Chetco Bar Fire salvage – agreement?

“The U.S. Forest Service is planning on salvage logging later this year in about 8 percent of its acres burned in last year’s 191,197-acre Chetco Bar fire in Curry County, a move timber advocates welcomed and one conservation group called “something we can live with.””

George Sexton, conservation director for the Ashland-based Klamath-Siskiyou Wildlands Center, said a sound plan to get sellable timber from the fire would be to continue focusing on commercial logging of hazard trees as well as previously logged plantations within the study area.

The forest also should add fuels-reduction timber sales immediately around communities to ensure public safety in these areas eyed for salvage, Sexton said.

“I could see that as a project that sails through pretty quickly and gets out a decent amount of volume,” Sexton said. “That’s about the best they can do and I think it will produce a fair amount of volume.

The Southern Oregon Timber Industries Association said:  “Getting some rather than not getting any out,” “That is what we’re hoping for.”

4 thoughts on “Chetco Bar Fire salvage – agreement?”

  1. Interesting to see this apparent agreement. I visited the Chetco Bar fire last weekend. There are extensive areas of burned plantations/managed stands, especially along the lower end of the Chetco River. South Coast lumber has already done a fair amount of salvage in their burned plantations. Unfortunately, there are a lot of burned managed stands in Late Successional Reserve that will not regenerate at all due to lack of seed source, and I think the FS has decided to completely ignore those areas.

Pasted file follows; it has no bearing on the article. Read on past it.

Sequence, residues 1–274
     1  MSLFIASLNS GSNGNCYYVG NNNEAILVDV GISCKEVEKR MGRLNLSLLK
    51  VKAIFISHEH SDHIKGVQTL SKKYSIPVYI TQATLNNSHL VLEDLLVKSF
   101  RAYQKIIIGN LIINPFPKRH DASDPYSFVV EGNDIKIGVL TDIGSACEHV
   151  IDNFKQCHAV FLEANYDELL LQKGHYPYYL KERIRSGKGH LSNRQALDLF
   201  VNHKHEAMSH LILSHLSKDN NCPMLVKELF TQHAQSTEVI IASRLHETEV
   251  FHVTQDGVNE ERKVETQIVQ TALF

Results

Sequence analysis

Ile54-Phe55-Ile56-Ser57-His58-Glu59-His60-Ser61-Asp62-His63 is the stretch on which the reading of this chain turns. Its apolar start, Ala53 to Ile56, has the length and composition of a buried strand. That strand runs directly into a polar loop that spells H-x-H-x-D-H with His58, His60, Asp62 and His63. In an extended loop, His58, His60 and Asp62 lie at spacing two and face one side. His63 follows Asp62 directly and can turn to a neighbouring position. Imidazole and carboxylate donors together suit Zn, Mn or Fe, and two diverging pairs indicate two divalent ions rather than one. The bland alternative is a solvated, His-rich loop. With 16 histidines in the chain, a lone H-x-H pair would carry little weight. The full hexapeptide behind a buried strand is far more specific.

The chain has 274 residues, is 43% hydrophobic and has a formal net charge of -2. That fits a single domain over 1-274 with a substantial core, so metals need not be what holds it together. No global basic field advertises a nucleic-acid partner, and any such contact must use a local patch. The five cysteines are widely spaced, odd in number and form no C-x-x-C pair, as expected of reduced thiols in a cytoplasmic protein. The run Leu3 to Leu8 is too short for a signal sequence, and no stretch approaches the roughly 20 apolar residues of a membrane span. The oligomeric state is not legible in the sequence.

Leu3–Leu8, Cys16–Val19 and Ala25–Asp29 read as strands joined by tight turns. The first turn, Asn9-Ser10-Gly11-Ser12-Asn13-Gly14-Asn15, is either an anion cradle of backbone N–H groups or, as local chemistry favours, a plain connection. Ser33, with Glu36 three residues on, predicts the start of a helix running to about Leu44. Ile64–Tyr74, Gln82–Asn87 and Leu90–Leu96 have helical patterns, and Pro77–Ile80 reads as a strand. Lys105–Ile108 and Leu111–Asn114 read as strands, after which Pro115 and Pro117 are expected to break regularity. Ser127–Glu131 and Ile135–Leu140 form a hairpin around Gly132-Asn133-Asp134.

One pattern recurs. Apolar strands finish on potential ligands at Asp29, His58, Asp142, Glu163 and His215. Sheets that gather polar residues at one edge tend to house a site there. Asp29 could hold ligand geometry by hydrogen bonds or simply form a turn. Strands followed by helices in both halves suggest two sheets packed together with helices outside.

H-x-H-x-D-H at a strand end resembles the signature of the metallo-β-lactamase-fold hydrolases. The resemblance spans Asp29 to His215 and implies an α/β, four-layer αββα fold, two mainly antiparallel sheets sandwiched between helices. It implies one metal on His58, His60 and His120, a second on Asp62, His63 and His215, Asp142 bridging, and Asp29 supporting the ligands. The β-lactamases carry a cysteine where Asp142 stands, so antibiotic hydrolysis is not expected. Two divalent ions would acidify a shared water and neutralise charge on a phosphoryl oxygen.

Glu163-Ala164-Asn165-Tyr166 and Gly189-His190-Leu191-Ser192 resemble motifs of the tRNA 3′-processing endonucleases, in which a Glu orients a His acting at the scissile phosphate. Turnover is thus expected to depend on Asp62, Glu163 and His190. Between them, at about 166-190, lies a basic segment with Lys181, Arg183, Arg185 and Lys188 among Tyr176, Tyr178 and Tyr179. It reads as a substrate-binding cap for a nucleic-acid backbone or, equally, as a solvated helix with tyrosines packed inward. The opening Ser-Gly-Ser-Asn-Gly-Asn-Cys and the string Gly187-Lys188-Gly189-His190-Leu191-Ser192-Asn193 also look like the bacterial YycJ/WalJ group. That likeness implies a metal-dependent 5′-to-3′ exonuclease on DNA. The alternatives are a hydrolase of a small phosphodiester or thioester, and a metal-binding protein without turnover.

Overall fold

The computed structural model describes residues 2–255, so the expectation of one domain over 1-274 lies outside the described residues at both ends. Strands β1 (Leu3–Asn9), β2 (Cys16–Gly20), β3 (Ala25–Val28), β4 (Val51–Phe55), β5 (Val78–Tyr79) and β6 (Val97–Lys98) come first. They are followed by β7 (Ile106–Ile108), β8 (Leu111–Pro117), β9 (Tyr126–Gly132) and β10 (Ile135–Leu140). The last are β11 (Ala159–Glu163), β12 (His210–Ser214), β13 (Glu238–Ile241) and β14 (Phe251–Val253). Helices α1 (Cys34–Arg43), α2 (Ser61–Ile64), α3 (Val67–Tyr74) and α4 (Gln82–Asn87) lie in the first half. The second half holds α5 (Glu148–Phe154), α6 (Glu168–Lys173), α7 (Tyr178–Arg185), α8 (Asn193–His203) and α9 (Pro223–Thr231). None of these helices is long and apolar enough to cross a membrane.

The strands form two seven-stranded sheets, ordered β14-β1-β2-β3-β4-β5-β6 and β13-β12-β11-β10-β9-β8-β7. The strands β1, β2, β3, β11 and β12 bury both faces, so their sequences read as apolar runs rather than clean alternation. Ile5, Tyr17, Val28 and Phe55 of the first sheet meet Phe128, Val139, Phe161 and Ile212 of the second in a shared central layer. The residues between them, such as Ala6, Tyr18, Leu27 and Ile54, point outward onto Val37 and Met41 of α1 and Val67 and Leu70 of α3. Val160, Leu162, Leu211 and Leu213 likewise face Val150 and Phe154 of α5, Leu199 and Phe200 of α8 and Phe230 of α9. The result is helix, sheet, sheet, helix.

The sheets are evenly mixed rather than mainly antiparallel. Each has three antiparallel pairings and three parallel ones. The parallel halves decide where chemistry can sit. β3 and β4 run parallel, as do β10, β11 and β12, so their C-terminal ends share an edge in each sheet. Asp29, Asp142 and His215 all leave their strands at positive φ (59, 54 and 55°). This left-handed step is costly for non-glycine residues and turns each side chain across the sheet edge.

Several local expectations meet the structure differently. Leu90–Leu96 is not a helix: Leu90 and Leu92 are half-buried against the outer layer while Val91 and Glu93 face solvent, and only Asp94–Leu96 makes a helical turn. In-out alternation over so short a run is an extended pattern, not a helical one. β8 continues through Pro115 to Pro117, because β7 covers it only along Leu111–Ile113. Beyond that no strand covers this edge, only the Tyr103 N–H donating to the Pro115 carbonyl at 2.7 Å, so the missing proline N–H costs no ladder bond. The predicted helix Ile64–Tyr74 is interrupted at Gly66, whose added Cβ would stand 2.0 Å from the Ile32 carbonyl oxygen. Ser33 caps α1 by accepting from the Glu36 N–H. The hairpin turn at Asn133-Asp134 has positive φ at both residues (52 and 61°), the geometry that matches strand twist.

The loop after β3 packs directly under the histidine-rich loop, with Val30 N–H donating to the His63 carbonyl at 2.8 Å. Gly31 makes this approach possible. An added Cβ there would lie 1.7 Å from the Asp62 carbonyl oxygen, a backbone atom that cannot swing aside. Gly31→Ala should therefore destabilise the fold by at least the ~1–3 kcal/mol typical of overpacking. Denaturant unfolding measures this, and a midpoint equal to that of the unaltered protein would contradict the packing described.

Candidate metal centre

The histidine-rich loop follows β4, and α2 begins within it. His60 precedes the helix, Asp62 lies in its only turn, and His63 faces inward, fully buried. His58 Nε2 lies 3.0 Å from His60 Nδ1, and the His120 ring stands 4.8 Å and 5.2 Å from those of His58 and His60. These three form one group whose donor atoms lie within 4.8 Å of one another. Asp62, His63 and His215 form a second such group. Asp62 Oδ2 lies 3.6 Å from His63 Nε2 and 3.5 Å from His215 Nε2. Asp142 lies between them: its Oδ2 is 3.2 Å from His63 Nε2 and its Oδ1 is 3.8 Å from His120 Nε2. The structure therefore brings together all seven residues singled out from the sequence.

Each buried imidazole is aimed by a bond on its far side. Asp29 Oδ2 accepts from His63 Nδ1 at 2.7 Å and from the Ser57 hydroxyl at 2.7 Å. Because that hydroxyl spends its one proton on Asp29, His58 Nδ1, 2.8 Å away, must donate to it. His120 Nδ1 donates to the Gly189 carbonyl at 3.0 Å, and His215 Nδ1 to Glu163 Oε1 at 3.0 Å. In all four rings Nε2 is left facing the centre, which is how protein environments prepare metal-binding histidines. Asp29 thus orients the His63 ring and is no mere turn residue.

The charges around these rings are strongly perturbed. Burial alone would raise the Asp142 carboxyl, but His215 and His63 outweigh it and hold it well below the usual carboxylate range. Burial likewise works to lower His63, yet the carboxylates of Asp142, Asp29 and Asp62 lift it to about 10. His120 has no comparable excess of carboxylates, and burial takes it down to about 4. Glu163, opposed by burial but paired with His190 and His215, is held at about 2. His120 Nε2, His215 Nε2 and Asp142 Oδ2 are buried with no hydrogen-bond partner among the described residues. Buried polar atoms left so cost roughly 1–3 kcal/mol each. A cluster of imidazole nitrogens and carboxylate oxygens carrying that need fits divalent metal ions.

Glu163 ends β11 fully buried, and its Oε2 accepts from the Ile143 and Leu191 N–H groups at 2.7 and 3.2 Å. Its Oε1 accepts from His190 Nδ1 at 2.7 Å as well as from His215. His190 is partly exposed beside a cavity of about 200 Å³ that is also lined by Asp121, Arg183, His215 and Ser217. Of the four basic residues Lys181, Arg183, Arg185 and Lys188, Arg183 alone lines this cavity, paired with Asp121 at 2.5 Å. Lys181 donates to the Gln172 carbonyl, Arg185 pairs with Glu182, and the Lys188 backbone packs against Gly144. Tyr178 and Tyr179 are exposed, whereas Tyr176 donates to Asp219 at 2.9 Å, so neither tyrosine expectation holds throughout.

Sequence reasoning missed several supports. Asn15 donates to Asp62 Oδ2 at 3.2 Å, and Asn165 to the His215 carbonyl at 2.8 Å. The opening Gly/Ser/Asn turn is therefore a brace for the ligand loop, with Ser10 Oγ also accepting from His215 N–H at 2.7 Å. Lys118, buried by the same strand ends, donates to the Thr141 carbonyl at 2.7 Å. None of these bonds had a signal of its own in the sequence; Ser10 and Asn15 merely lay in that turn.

2. Surprised to see George isn’t telling us the sky is going to fall if we harvest any timber. A new philosophy for K-Wild? That would be progress.
    I think all of the roadside salvage units should not be limited to a certain distance from the road but should include all merchable timber within reach of sound logging practices. The contracts should also contain restoration work. Working in LSR areas would be a good idea since many are now dead.
    No matter how fast the FS moves or how aggressive a timber salvage program most of the Chetco Bar fire area will never be touched. It’s that large.
    I find the quote from Southern Oregon Timber Industries Association comical. Are they really that weak?

  3. Unfortunately, I think Mr. Sexton may have been commenting on what he was told the salvage plan might look like, e.g., mostly plantations, but the salvage plan released by the FS looks very different. There lots of salvage logging proposed in native forests, and unroaded areas.


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